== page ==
Osmo Vänskä and the Lahti Symphony
Thousands of good orchestras together with thousands of outstanding conductors make good music. Recordings are flooding out into the world at a pace that no one could even have dreamed of just a few decades ago. Philharmonics in the great music metropolises from Vienna and Berlin to New York are in a league all their own on the pedestal of their traditional reputation. How can an orchestra from a small city in a small country create a profile for itself, stand out from the crowd with such a cornucopia on offer? It takes an astonishing feat, one that the Lahti Symphony has pulled off under the baton of its maestro Osmo Vänskä.
Vänskä has conducted the Lahti Symphony since 1988. The orchestra's recordings of music by Jean Sibelius have been winning international prizes for a decade: the most prestigious include the British magazine Gramophone award in 1991 (Both versions of the Violin Concerto with Leonidas Kavakos as soloist) and again in 1996 (the original version of the V Symphony and En Saga), a Prix Academie Charles Cros (for the Tempest) in 1993 and two firsts in the orchestra recordings class at the Cannes Classical Award in 1997 (V Symphony, En Saga, the Wood Nymph).
For a famous conductor, Osmo Vänskä is still a young man (born in 1953) and his orchestra (founded 1949) is likewise young. His international career took off after he won the Besancon conductors' competition in France in 1982. Since then he has conducted important orchestras in Europe, the United States, Australia and Japan.
Recordings the only route to the world
During a break in recording at the new Sibelius Hall in Lahti, Osmo Vänskä's expression seemed worried. He is known to be a perfectionist and the recording (of items for release in 2001) seemingly had not gone exactly the way he wanted. "We had quite an awkward session here, as you can probably see from my face." He seeks a metaphor in skiing, appropriately enough in a city so famous for competitions in this sport. "Now there is grip wax in the music: the skis don't slip backwards, but they don't glide forwards either. Not to worry, though. This orchestra has enough ambition to produce quality always."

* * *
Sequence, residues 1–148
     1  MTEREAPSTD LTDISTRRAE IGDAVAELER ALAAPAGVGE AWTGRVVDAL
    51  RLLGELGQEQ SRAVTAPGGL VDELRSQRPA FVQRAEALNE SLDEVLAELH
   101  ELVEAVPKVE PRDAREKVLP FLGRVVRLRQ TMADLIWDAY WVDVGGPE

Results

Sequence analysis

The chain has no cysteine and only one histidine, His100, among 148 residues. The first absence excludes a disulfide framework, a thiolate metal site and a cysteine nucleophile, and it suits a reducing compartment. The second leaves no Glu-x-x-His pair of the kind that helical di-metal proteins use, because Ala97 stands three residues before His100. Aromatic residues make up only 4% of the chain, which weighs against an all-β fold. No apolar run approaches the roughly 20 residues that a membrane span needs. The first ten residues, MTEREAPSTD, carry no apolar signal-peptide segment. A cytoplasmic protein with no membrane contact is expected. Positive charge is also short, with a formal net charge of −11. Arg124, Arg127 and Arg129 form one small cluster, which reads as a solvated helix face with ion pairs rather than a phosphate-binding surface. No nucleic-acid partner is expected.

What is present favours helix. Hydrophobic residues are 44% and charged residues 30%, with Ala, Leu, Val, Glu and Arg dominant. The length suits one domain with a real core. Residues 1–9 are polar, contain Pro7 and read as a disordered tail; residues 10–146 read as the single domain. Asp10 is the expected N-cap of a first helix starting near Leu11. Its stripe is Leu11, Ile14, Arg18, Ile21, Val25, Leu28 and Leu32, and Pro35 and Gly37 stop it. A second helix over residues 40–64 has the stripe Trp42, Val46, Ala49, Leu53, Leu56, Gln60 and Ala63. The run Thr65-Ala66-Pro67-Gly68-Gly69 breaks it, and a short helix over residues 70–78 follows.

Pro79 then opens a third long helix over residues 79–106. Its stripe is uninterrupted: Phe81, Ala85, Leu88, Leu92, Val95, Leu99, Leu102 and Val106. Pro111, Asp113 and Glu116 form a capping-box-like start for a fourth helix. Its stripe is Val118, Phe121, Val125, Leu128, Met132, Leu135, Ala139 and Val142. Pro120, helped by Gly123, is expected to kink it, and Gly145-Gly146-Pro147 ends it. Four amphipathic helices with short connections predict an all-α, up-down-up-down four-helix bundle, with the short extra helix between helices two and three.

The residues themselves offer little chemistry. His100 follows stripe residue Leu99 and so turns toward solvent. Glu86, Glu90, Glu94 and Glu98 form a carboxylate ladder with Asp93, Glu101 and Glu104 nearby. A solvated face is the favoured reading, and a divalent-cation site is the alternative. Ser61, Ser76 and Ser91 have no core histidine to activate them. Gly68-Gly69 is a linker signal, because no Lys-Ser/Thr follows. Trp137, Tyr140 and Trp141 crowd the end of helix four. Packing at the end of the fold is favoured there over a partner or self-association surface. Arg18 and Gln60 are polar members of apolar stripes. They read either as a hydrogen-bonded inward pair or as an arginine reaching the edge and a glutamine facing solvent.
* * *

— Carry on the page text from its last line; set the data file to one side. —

The Lahti Symphony and Osmo Vänskä have soared to the height of international acclaim as fast as a rocket. What explains this success in getting so far ahead of the posse?
"Fame nowadays is always connected with recordings, in one way or another. No matter where it is held, a concert is always just a local event. Orchestras whose recordings are known are the ones that get invited to do tours. It was a great thing for us to get into the BIS company's series of recordings of all of Sibelius' music. That is a task in life that the company's boss and owner Robert von Bahr has set for himself. First-time recordings of forgotten rarities naturally attract attention. It got the door ajar for us."
Why exactly Vänskä and Lahti?
"You need a little luck as well, to be able to be in the right place at the right time. BIS began producing the series by cooperating with the Gothenburg Symphony. The recordings proved so popular that the huge company Deutsche Grammophon wanted them in its stall. They were no longer interested in continuing with the Sibelius project. We had already done a few really good recordings," says Vänskä, with no attempt at false modesty. "They were enough to show what we could do and we set about continuing the work in 1988."